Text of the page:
Meriden, CT Monday, March 2, 2015
Wallingford’s Town Charter has been the subject of a couple of recent Record-Journal articles in recent days. One concerned a Councilor’s interpretation that administration of the “Dog Pound Trust” belongs to the Council and the other concerned supervision of the office of the Fire Marshal.
The question concerning the Dog Pound Trust turns on the language in the Charter that states: “ The Council shall have the power … and to provide for the proper administration of such.” Has the Council thus provided for the “proper administration” by ceding decision making to the Mayor? To us municipal government junkies, this is red meat, but to most people, it seems an argument about nothing.
Not so the other question concerning supervision of the Fire Marshal’s office. It is an important department, and the expertise required of the people employed is considerable. The primary argument was whether day-to-day supervision of the office should be transferred to the Fire Chief. A second argument raised was whether, by doing so, the Council was doing an end run around the Town Charter. Let’s examine both.
As for transferring supervision, this has essentially been in effect for years. In fairness, it must be noted that in his tenure as Town Council Chairman, Bob Parisi did devote time to the task of meeting with the Fire Marshal and familiarizing himself with the details of the department. He did cede managerial supervision to Fire Chief Struble, but kept himself quite informed about issues concerning the department. It would seem that Chairman Cervoni’s effort is primarily to formalize the arrangement already in place.
The answer to the second argument questioning the validity of making such a move has two parts: whether this is an unprecedented change contrary to our Charter and whether this is contrary to the wishes of the voters in light of the rejection of changes in 2009 formulated by the Charter Revision Commission.
First of all, transferring day-to-day oversight from the Council to the administration is hardly unprecedented. A prime example of such is in the acquisition of real estate by the town. The Charter specifically grants such authority to the Council, but in reality, it is the Mayor’s office and the Law Department that handle such negotiations. The Council ultimately rules on such acquisitions, but the heavy lifting is done by the administration. And that is as it should be. Can you imagine the chaos, confusion and gridlock if nine part-time legislators were intimately involved in every such complex real estate transaction? It would be a circus.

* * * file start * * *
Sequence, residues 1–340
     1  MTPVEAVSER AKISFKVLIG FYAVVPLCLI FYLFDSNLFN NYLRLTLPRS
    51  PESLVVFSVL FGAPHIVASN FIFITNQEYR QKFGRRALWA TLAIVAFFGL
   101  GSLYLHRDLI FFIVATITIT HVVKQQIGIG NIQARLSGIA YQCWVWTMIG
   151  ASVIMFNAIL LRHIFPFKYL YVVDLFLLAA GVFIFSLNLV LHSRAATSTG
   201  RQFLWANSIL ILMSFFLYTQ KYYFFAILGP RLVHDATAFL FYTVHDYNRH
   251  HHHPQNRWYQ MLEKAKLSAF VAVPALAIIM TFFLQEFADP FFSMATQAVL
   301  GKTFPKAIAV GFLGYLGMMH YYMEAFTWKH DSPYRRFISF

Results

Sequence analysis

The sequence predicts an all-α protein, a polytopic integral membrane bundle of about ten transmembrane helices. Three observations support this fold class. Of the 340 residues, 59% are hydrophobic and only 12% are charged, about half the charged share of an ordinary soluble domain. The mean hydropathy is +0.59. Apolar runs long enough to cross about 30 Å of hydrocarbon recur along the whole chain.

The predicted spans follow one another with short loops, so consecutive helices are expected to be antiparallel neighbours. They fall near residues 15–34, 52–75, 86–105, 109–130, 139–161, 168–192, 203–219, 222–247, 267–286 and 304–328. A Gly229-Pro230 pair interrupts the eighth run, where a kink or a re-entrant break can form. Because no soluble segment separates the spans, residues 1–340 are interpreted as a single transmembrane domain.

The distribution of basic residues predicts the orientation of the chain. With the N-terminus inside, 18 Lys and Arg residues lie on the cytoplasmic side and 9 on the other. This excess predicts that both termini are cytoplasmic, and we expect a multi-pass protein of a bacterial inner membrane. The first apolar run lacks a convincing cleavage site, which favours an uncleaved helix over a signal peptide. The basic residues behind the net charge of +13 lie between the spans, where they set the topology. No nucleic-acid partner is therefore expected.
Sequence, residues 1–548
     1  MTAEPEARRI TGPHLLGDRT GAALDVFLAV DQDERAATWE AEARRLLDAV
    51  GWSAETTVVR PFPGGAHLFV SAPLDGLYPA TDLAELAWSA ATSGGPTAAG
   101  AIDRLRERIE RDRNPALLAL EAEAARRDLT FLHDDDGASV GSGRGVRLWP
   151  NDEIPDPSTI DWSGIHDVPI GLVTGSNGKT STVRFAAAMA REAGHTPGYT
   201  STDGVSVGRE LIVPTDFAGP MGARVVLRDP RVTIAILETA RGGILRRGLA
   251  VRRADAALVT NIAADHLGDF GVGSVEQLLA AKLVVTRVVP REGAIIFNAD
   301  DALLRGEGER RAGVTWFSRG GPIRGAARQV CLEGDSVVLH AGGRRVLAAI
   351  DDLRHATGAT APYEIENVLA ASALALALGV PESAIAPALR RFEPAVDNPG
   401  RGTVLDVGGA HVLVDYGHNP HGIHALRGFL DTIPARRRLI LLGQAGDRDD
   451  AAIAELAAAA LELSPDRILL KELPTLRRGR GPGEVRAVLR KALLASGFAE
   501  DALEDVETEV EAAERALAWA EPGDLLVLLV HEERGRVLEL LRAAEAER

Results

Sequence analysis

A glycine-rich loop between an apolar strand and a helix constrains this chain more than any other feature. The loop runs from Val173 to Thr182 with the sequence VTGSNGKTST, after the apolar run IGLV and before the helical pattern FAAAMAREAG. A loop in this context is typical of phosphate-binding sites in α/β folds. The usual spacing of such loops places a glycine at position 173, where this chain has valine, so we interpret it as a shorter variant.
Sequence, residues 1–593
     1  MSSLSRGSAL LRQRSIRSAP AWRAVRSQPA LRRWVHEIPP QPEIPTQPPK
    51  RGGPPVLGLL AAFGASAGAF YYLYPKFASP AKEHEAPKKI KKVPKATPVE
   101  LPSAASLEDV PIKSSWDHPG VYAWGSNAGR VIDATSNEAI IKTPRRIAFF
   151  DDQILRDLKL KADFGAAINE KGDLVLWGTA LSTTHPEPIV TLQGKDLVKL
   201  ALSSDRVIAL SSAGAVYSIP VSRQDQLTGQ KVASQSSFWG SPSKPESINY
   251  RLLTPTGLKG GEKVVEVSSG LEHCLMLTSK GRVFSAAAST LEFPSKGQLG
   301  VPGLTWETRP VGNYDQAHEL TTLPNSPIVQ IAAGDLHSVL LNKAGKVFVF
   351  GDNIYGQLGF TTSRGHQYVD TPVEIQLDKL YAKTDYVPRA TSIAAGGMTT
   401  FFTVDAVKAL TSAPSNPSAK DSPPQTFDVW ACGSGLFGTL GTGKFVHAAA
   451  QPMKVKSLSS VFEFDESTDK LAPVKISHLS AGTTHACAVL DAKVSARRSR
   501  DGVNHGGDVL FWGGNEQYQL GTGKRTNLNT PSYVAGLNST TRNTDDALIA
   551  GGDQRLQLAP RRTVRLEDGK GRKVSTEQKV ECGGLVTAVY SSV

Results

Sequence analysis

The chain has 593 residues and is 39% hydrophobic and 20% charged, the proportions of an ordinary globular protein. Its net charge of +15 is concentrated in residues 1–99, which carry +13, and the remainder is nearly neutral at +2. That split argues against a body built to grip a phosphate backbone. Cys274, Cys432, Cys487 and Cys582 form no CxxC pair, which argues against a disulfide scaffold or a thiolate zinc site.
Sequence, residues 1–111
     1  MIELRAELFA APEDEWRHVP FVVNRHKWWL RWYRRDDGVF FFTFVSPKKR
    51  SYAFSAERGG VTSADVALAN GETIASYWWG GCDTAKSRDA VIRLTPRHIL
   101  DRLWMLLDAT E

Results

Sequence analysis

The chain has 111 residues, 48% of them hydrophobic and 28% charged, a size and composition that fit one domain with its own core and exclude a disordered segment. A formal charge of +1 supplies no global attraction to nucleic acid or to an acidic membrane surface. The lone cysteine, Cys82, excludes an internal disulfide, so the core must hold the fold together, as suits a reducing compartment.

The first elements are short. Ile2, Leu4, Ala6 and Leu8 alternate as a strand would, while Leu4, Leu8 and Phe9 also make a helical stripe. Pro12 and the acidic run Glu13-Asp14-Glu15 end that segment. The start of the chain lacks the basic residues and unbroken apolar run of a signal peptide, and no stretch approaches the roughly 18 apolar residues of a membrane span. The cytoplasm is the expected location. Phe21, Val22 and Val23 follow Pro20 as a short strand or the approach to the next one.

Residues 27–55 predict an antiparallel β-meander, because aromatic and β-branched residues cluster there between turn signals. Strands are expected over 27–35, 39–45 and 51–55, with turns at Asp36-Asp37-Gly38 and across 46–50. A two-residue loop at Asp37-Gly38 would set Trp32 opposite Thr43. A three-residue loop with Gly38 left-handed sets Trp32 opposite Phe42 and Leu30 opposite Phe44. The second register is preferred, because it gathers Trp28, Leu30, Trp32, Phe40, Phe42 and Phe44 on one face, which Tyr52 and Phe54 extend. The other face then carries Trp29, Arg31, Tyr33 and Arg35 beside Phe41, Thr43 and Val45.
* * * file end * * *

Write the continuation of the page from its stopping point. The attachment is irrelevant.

The other question concerns the 2009 Charter Revision. It has been suggested that the voters rejected the idea of transferring authority of the Fire Marshal’s office as was suggested by the Charter Revision Commission. The answer to that is: no, they didn’t. If you recall, there were seven questions on the ballot. Several of the revisions were rejected because they significantly reduced the authority of the Mayor’s office, and were seen clearly by the voters as an attempt to limit the authority of Mayor Dickinson by the party unable to unseat him.
The revision question in which the transfer of Fire Marshal authority was placed was rejected because the Commission very unwisely coupled its adoption with a controversial one in which the PUC would have been increased from three to five members, a move the voters again properly saw as merely political.
The history of the 2009 Charter Revision needs to be seen for what it was: an effort awash in party politics aimed at diminishing the authority of one individual. Had the Commission separated the several common-sense changes to the Charter from the overtly political ones, the vote that took place last Tuesday concerning the Fire Marshal would have been unnecessary. Maybe the next Charter Revision Commission will do just that. Maybe now is the time to give honest revision a try.
Stephen Knight is a former Wallingford Town Councilor.